Welcome to my blog where I discuss money, investing, politics, and anything else import in the world. I find it surprising that most people in their 30s have very little knowledge or interest in these areas. Of course everyone is interested in money, but very few take the time or have the discipline to properly save and invest it for the future or short term. For those who at least have the interest, I'll write about my experiences and methods of investing, and hopefully give you a head start in investing.

Friday, January 11, 2008

Was 2007 really so bad for investors?

Now that 2007 is over, let's look at the year in review. To listen to some people discuss the economy and the markets, you would think it was a horrible year. In fact, you would think the last 8 years have been terrible, but anyone invested in the market knows that is not true. Focusing just on 2007 for now, here are the numbers:

S&P500: 3.53%
DJIA: 6.46%
Nasdaq: 9.63%
Wilson5000: 3.94%

Those numbers do not take into account revinvesting dividends and, if you did, the S&P500 had a total return of 5.49%. These are certainly not stellar returns, but nonetheless performed comparable to more conservative investments such as CDs and Treasuries.

There were two real issues in 2007 and that was the real estate market and volatility. If your only investments were in real estate, financial companies, or your house, then at least on paper, you are looking at losses. The S&P Financials were down over -20%. Likewise, the DJ Wilshire REIT Index was off -17%. Meanwhile, the energy and emerging markets sectors were the real winners up 32.38% and 42% respectively. You should have owned all of these as investors in Index Funds or ETFs.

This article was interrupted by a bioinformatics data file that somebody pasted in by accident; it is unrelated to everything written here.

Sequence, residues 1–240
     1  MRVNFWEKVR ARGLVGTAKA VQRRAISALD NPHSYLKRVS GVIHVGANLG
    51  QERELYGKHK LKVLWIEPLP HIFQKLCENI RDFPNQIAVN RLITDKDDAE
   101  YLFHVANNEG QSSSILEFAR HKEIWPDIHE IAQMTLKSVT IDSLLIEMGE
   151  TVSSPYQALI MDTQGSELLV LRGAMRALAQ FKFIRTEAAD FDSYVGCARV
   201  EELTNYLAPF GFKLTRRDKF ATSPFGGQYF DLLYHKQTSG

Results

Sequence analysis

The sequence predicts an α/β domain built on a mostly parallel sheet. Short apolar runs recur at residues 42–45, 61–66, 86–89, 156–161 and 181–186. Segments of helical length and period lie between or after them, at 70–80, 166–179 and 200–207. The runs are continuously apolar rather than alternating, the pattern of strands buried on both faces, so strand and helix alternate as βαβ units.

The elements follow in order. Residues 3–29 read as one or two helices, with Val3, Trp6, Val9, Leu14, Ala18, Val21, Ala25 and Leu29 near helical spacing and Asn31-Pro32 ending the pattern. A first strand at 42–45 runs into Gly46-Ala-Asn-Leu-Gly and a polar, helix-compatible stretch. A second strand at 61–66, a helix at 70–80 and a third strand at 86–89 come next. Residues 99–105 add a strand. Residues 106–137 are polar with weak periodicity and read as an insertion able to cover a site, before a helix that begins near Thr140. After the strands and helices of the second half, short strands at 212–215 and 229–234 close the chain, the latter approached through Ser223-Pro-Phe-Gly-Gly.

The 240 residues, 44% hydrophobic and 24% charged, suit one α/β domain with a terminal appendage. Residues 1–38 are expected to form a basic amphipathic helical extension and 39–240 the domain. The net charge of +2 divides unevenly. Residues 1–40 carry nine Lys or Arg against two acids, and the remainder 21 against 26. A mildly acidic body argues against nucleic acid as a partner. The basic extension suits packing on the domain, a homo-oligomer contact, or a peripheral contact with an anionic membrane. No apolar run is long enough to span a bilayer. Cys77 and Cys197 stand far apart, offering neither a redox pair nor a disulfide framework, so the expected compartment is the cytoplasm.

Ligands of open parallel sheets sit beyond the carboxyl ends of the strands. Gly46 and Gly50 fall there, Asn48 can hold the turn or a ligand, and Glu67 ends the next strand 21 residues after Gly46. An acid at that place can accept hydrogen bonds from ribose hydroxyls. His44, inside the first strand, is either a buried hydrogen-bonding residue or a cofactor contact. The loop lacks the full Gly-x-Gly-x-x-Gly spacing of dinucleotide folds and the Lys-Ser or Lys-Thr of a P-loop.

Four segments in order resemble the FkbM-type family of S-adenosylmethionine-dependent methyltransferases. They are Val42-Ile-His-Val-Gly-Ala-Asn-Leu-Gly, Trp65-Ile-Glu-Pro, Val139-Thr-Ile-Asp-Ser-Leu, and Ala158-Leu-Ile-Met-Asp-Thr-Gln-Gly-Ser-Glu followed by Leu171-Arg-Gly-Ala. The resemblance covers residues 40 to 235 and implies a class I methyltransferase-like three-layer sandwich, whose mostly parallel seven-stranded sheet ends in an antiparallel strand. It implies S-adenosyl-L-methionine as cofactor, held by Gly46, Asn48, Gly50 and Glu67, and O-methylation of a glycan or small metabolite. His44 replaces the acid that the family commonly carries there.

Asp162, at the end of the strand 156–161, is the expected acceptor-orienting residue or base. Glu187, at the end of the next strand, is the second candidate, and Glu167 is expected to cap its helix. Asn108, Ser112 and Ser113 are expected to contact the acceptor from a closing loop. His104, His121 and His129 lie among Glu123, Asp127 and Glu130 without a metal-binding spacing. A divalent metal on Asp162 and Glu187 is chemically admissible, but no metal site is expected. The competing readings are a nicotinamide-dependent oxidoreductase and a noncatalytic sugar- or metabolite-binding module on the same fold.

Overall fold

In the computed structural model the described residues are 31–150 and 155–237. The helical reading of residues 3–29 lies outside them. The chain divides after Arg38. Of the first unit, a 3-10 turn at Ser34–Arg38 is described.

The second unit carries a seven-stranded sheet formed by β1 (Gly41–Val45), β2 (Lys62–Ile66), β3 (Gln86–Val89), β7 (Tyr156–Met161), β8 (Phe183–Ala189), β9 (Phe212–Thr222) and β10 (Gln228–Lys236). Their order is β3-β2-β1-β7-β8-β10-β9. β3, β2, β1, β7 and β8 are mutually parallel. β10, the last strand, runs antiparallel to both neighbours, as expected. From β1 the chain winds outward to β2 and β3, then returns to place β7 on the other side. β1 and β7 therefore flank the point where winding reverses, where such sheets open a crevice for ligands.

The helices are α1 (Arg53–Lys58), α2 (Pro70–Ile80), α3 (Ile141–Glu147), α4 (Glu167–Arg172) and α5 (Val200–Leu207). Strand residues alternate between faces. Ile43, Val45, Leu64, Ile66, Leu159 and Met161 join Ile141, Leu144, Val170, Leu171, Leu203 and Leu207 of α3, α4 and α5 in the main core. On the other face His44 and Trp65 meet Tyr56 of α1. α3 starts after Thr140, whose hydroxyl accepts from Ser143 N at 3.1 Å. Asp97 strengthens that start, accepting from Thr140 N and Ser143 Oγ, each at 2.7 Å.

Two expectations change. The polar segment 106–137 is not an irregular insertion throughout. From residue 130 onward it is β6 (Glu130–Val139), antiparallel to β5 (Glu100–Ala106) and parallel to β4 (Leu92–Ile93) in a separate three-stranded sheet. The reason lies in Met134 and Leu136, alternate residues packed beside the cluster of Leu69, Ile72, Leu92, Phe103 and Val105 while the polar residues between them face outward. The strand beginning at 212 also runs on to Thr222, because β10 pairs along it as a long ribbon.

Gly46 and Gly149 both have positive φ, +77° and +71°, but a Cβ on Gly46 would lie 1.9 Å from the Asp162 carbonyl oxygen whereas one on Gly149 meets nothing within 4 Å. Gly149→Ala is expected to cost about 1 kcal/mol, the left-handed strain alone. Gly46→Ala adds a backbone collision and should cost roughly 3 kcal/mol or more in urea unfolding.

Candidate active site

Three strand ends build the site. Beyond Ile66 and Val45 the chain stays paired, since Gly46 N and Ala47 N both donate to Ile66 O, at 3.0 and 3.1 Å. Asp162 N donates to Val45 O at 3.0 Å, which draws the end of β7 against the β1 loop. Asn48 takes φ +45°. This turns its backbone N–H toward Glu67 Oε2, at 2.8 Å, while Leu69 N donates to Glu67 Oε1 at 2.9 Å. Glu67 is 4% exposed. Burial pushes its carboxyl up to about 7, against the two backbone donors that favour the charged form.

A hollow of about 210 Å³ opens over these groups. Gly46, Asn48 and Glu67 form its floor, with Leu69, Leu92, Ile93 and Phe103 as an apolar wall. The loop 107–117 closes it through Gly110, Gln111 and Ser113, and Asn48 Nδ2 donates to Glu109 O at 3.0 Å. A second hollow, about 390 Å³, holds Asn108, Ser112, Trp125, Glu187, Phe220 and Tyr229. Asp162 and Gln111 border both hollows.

Quicktip: if you are sick of increasing gas and energy costs, invest a little in the energy markets, at least as your bills go up, so does your investment

The volatility in 2007 meant it took a lot of courage to stay in the market amidst the wild swings. However, fighting the urge to bailout is the right move to make, as I will discuss in future posts.

Finally, inflation year over year for CPI core was 2.3% as of November (that excludes energy and food). CPI-U, which includes it all, was at 4.2%. The core inflation is what is usually quoted and used for your Social Security calculations.

So what do all these numbers mean?

  • First, if you were a diversified investor in the overall markets, you owned all of the good, bad, and ugly performing stocks, and came out ahead, which is what I will be pushing in future posts

  • We are reminded that Real Estate does not always go up and should only be a part of your investment strategy

  • By definition, we are not in a recession, as evidenced by moderate inflation, economic market growth, and GDP growth

I look forward in 2008 to discussing how we can ride out the volatility. We should be investing for the long term and ignoring the short term swings.

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